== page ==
Former NYPD Commissioner Bill Bratton on Tuesday blasted the idea of a response time slowdown after the firing of Police Officer Daniel Pantaleo for his role in Eric Garner’s death.
“It gives the criminal element in the city a sense that the police aren’t going to do anything,” Bratton said on WOR’s “Len Berman and Michael Riedel in the Morning.”
“[If the slowdown] goes on for a long period of time than police trying to regain control is more difficult.”
Bratton’s remarks are in response to Police Benevolent Association President, Patrick Lynch’s urging cops to use the “utmost caution” when making arrests, especially if the person resists. He said officers should back each other up, call for a supervisor when making a bust and request an ambulance when touching a member of the public.
Taking those steps can tie up cops and slow a police response for hours.
Lynch made the suggestions Monday after Police Commissioner James O’Neill decided to follow an NYPD judge’s recommendation and fire Pantaleo.
The Detectives Endowment Association doubled down on Lynch’s sentiment Tuesday.
“If you are given the least bit of resistance, either verbal or physical, get your covering supervisors to the scene and let them make the call,” DEA president Michael Palladino wrote in a message to union members.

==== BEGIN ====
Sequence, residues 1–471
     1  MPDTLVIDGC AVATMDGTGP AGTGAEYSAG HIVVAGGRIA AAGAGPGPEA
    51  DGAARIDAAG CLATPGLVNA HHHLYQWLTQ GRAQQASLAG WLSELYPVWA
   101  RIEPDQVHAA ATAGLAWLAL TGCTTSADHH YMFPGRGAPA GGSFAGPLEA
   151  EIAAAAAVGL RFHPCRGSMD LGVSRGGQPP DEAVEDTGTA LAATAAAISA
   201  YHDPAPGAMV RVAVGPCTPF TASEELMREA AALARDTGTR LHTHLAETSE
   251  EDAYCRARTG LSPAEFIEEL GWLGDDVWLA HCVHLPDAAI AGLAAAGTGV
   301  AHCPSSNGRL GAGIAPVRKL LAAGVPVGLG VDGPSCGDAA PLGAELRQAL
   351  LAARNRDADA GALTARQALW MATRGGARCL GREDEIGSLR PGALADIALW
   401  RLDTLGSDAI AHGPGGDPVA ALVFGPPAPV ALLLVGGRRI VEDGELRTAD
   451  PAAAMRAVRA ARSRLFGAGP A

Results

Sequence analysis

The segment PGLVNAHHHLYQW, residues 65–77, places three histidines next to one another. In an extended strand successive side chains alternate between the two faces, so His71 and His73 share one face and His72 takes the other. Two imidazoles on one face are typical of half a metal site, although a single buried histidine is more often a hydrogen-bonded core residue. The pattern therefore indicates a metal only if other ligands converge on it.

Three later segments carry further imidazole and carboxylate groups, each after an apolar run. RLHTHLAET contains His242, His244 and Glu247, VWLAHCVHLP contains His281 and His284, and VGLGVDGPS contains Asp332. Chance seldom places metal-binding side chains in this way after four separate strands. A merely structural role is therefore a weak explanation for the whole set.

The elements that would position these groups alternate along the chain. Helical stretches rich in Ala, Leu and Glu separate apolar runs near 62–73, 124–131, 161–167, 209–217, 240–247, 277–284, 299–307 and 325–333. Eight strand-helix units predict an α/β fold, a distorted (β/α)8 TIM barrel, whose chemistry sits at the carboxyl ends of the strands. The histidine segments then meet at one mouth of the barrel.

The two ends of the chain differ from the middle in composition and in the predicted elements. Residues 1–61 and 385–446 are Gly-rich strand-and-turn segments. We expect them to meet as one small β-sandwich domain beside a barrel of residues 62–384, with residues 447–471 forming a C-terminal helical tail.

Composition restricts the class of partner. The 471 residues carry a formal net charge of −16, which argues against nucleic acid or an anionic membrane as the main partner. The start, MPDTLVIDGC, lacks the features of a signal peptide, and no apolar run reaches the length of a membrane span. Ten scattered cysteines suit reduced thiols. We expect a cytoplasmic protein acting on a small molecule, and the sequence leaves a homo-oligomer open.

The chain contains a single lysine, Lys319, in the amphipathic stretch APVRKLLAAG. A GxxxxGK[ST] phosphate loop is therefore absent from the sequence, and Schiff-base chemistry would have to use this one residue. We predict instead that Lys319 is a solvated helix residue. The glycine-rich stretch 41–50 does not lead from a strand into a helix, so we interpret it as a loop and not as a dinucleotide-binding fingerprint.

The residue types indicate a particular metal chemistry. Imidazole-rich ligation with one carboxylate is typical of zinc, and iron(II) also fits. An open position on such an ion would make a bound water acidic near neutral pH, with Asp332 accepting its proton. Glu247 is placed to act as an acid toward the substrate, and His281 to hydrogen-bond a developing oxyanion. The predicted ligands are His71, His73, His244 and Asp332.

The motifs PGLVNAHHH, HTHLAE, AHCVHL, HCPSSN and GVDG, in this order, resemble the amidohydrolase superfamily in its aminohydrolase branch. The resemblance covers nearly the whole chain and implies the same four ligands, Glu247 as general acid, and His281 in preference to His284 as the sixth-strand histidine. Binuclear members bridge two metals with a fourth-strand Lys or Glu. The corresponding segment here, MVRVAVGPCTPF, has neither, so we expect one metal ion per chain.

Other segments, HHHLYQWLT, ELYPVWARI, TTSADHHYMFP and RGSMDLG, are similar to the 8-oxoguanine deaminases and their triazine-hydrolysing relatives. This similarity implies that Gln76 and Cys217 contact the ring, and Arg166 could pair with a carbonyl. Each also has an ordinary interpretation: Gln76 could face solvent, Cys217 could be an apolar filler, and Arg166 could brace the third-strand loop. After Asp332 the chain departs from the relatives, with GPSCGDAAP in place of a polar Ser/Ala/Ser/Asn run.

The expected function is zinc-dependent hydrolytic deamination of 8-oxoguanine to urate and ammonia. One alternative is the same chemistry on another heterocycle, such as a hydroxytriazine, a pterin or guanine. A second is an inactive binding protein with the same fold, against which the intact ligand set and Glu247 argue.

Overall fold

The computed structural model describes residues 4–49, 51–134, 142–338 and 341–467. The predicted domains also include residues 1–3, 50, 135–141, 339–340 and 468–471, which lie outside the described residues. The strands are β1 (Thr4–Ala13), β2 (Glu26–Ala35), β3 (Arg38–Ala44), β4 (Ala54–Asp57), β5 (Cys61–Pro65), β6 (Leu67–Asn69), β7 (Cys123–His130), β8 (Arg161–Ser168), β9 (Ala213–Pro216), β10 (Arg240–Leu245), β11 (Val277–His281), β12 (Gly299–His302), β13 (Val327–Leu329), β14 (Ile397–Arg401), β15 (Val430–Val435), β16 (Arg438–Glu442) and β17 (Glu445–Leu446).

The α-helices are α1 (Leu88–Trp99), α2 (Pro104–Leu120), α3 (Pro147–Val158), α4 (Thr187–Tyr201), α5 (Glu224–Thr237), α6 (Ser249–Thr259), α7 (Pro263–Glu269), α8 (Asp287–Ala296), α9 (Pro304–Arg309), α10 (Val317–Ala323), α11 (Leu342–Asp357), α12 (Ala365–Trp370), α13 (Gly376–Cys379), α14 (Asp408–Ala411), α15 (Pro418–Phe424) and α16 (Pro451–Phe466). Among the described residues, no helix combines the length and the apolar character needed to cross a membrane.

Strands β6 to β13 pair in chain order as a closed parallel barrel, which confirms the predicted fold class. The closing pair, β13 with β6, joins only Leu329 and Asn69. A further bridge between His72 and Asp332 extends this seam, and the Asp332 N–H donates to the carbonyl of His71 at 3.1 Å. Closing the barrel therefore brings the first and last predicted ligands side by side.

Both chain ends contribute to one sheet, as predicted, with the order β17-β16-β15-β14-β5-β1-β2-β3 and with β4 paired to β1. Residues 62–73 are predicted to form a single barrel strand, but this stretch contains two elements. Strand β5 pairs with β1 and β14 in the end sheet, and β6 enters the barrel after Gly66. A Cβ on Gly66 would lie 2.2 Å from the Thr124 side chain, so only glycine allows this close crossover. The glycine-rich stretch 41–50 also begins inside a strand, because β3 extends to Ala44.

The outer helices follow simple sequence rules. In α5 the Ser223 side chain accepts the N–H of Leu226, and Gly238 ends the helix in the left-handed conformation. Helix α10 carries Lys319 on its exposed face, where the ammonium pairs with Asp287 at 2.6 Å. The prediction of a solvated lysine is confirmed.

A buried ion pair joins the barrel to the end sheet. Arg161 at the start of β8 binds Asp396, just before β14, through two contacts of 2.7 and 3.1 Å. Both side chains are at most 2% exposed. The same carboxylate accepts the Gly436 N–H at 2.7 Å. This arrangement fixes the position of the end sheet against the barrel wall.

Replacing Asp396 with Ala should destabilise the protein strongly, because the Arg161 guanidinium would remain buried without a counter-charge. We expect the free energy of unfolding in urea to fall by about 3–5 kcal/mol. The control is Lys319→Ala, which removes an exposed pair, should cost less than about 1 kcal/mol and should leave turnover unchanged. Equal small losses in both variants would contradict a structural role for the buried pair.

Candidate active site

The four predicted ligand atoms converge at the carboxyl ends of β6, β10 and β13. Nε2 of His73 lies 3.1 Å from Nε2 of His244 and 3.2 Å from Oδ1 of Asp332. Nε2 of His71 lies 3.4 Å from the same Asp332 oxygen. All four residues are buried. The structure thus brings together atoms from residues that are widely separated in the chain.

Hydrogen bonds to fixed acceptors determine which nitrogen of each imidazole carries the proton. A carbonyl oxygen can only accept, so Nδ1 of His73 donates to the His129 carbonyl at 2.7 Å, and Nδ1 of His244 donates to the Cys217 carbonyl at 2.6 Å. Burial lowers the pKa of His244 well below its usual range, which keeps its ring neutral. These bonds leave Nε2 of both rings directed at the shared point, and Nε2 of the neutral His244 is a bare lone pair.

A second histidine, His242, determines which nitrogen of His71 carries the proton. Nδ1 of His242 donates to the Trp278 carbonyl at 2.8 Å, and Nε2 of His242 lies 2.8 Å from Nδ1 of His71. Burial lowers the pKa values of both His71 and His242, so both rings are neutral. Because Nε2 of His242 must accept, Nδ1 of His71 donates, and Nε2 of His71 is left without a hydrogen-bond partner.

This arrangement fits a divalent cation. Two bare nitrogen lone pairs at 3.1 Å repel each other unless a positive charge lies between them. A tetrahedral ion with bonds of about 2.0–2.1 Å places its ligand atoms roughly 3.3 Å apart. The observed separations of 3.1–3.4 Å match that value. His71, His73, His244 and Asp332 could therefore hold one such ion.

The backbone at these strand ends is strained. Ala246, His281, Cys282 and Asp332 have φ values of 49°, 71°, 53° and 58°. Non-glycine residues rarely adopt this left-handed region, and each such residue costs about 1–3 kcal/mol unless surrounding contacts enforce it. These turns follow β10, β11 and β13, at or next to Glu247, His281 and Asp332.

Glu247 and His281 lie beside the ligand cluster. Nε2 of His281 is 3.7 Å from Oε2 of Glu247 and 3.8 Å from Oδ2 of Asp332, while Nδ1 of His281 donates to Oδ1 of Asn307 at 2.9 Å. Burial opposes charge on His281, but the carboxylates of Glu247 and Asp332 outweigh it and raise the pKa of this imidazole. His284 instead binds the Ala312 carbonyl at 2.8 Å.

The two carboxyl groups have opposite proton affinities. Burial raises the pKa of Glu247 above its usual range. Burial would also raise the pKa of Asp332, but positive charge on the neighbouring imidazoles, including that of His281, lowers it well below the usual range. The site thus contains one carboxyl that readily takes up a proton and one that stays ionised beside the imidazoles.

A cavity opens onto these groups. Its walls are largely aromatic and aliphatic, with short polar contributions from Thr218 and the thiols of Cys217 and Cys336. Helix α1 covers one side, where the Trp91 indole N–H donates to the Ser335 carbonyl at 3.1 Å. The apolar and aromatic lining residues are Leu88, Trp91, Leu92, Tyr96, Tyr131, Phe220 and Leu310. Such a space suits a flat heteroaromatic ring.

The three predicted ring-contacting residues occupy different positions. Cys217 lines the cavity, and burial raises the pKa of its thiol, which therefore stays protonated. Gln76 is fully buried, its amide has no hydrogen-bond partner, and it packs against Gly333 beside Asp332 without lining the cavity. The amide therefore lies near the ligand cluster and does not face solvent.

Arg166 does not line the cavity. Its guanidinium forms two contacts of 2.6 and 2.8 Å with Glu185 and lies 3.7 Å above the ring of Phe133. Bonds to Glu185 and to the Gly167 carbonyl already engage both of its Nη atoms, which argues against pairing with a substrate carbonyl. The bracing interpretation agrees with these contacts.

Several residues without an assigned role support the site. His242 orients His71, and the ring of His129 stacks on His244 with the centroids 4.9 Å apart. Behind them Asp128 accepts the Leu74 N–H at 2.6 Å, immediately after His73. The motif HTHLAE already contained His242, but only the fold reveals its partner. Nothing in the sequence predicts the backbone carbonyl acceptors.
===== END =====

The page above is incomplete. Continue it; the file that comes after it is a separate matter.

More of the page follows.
“If the subject refuses to remain on the scene while you await the supervisor, use your discretion as to whether to detain the individual or not by accessing the safety of the situation around you and the crime for which the individual is wanted. As absurd as this sounds, we must proceed this way at this time,” Palladino told his detectives.
The union head also reminded cops to be hyper-aware of their surroundings as they could be threatened by people around them – citing last month’s water and bucket tossing.
Bratton believes that “some officers” will follow Lynch’s recommendation, but hopes that most do not.
“A call for slowdown and inaction increases danger and risk to police,” he said. “The message goes out to everyone that cops are powerless, that cops are afraid to act.”
“[Garner’s death] was a tragedy for everybody, but a New York City police officer has an oath to uphold the law and go toward the danger, and they must continue to do that,” he said. “The nature of policing requires strong, assertive action.”
Police said Garner, 43, was selling loose, untaxed cigarettes on a Staten Island sidewalk, and when he refused to surrender, cops tried to take the 6-foot-2, 395-pound Garner into custody, with Pantaleo grabbing him from behind.